VoIPowering Your Office: The Wild iPBX Roundup, Part 1

This series has brought you in-depth coverage of a number of free or low-cost IP PBXs; now we get comparative.

 By Carla Schroder
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For lo these many years here at Enterprise VoIPplanet we have been giving a lot of attention to a small gaggle of iPBX systems:

PBXtra, trixbox, trixbox Pro, and AstLinux are all based on Asterisk. In fact there are dozens, if not hundreds of Asterisk-based iPBX systems. Digium has dual-licensed Asterisk—there is a GPL edition, and you also have the option of a proprietary license that allows you to not share changes that you make to the code. So it is attractive to both open source developers and commercial developers who don't want to share their Awesome Intellectual Property. (I think they're missing out on the full benefits of the open source development model, but, oh well, that's their business.)

SipX is the open source cousin to the commercial SIPxchange, and neither one is related to Asterisk. Each one of these has its advantages and weaknesses, which we are going to compare in this two-part series to help you decide which one (if any) sounds like a good fit for your shop. In Part 2 we will also include some honorable mentions of other iPBXs that are worth trying out.

PBXtra, trixbox, trixbox Pro
PBXtra is Fonality's original enterprise-worthy iPBX. PBXtra pioneered the hybrid hosting model: All of the management functions are hosted in Fonality's data center, and all the customer data files are stored on the customer's PBXtra server. PBXtra is managed both by the server administrator and users via a Web-based control panel. This eliminates a lot of problems: Fonality handles all security patches and upgrades, remote users can connect just as easily as local users, and their extension numbers travel with them. No firewall hassles, and if you use certified hardware, setup and administration are easy.

PBXtra scales up a lot better than Asterisk because the Fonality engineers have invested a lot of resources into improving the original Asterisk source code, plus the hybrid hosting allows your local server to handle a bigger load.

trixbox Pro has been extensively overhauled and now also supports the hybrid hosting architecture. You can use the Standard edition for free. The Enterprise and Call Center editions have more features and cost money.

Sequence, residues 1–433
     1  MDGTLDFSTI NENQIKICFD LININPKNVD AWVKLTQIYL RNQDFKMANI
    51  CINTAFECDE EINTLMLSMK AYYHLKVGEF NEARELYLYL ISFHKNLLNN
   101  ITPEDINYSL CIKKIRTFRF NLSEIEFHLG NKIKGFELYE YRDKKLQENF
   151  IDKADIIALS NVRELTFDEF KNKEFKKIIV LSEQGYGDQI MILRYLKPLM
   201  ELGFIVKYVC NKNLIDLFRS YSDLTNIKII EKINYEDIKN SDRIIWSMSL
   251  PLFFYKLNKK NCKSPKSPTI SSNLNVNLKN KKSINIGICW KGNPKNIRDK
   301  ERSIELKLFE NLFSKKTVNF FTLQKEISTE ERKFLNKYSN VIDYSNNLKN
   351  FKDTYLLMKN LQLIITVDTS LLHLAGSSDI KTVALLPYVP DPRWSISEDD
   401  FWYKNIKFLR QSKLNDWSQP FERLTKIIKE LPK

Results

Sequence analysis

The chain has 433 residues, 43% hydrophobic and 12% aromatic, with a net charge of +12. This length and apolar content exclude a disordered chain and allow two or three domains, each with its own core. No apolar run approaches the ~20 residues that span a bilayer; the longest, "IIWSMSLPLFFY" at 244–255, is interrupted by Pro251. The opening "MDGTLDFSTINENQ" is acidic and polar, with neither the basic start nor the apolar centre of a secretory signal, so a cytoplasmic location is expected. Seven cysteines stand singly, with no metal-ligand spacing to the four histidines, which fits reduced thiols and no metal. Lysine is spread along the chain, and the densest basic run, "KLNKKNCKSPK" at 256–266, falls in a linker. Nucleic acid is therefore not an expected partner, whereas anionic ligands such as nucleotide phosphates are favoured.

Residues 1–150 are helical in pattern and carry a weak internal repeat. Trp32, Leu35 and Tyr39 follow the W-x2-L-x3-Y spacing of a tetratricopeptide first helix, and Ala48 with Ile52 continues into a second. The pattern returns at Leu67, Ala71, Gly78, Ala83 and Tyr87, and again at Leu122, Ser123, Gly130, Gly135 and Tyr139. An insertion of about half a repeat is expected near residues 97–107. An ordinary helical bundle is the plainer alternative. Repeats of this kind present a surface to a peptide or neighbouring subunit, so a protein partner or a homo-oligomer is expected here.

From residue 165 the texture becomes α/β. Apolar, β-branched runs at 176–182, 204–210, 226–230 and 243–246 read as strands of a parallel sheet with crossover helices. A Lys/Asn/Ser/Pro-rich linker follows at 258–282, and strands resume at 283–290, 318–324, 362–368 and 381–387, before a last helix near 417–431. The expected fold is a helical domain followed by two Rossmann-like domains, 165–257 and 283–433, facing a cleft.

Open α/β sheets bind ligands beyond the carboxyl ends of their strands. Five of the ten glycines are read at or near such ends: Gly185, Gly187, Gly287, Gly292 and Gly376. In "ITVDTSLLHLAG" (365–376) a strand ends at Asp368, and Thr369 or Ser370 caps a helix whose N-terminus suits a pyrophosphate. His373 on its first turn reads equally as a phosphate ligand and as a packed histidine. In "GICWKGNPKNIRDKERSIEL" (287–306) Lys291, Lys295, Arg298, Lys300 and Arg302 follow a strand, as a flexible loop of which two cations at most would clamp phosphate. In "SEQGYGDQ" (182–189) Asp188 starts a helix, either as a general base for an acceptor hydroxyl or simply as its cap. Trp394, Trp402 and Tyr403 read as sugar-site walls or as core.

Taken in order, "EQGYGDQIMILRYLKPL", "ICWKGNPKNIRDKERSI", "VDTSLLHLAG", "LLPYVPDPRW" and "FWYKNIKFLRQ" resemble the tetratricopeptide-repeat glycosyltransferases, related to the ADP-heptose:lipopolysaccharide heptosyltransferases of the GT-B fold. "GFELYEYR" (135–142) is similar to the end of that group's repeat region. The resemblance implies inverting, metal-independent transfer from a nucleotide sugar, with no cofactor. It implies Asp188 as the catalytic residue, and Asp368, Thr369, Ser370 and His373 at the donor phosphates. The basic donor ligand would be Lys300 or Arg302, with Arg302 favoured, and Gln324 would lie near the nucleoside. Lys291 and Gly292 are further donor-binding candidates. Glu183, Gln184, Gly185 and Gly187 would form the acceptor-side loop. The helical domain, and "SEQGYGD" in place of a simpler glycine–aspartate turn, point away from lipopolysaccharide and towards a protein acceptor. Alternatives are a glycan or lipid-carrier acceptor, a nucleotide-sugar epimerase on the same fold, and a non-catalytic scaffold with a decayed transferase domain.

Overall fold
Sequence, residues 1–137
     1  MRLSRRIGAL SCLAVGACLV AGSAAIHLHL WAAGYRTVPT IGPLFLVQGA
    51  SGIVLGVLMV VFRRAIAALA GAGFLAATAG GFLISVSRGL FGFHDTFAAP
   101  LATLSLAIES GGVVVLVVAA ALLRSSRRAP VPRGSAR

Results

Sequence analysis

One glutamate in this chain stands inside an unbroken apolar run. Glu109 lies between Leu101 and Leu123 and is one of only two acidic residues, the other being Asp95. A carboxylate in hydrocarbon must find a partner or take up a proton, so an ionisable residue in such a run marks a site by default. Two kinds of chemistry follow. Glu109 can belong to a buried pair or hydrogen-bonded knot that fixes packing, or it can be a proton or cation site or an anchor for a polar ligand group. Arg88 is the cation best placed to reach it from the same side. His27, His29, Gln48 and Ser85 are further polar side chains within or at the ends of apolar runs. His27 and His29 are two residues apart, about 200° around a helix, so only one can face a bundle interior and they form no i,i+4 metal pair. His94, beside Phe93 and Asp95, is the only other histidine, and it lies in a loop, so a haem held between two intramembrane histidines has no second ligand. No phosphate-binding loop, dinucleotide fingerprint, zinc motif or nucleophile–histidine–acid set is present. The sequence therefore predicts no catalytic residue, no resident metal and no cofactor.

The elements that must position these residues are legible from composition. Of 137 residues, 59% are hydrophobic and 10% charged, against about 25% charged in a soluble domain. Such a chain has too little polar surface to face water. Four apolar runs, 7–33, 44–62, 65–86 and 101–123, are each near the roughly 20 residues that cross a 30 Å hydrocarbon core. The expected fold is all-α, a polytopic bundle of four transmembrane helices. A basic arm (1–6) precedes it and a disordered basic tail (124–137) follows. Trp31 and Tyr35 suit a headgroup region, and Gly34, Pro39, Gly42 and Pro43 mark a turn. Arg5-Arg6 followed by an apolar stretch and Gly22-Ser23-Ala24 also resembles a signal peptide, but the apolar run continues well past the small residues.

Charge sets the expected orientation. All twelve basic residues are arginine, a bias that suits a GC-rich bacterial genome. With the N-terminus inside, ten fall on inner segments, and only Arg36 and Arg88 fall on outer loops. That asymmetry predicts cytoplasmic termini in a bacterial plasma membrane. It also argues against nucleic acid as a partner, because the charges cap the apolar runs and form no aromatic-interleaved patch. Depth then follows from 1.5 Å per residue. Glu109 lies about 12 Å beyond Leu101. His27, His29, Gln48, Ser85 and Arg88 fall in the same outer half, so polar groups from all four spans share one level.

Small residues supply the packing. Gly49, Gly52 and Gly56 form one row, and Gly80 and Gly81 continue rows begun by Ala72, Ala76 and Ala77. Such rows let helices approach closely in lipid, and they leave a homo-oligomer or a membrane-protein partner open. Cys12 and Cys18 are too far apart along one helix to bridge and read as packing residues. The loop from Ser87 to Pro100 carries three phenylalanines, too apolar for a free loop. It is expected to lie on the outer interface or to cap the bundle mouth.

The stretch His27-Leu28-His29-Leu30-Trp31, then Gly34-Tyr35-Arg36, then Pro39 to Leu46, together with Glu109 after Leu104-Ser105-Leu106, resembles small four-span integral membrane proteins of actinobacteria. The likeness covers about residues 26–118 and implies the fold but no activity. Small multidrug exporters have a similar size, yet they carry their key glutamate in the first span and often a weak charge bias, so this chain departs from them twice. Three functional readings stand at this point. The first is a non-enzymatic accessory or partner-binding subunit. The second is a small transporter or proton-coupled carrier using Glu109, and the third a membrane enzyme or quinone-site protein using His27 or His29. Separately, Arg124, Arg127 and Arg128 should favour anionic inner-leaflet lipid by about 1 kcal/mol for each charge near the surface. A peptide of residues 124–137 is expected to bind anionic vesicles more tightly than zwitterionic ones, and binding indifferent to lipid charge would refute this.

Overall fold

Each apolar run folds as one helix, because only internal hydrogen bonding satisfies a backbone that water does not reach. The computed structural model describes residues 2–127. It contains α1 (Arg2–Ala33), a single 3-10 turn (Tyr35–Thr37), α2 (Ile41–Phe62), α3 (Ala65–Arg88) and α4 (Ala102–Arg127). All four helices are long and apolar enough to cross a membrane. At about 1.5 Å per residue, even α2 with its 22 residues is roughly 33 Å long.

Some admins are not comfortable with hosted services and prefer to retain as much control as possible. (If Fonality goes offline, so does your PBX, the thinking goes.) So for these folks there is still the original Trixbox, which is a standalone VoIP server.

All editions of trixbox are available as both software and hardware appliances—you may download a complete software appliance that includes the operating system and install it on your own hardware, or you may purchase a stylish server with trixbox already installed. PBXtra comes only with the server hardware; it is not available as software-only.

Just like Asterisk, PBXtra and trixbox support a large number of VoIP protocols and telephony hardware selections.

Of course this is always a debatable subject, but I think that Fonality provides the cleanest, best-organized user and administrator interfaces. We're a long ways from magical, telepathic iPBX systems that require no skill to set up and run, but PBXtra and trixbox are pretty fast and easy.

Fonality is friendly to resellers and has a number of programs for their whole product line, so if your ambition is to be a VoIP mogul they might have something for you.

AstLinux has grown a lot since the last time we took a look at it.

AstLinux is Asterisk plus Linux, stripped down to fit embedded devices like Soekris and WRAP boards, Gumstix, VIA mini-ITX boards, and ordinary x86 PC hardware. All of the nonessential bits are removed, and only the applications that are necessary to run an iPBX remain. It also supports WiFi, SNMP, SER (SIP express router), name services, OpenSSH, tc (for traffic shaping), and iptables, which means it is very adaptable as a border router and for tuning your VoIP network performance. It is designed to run from Compact Flash, which is very fast and reliable, but it will also run from a hard drive or LiveCD. The LiveCD has the option of saving settings and data to a USB storage device, so you could use it on diskless production systems.

The AstLinux Development Environment (ADE) is for users who wish to customize AstLinux for their hardware, or to customize the feature set. It's not for the plug-and-play set, but for OEM developers and users who want to build AstLinux images with exactly the features and hardware support that they want. It's easier starting from a lean, mean installation and building up than it is to weed out junk you don't want, especially on embedded systems.

Next week we'll wrap up with SipX/SIPxchange, the various Asterisk editions, and a list of other worthy contenders for your iPBX.

VoIPowering Your Office with Asterisk: Free Long Distance with Free World Dialup is the final article in the AstLinux series, with links to all previous articles
VoIPowering Your Office: Fonality Promotes trixbox to the Pro Ranks
VoIPowering Your Office: Cashing In on the VoIP Gold Rush

This article was originally published on Sep 24, 2007
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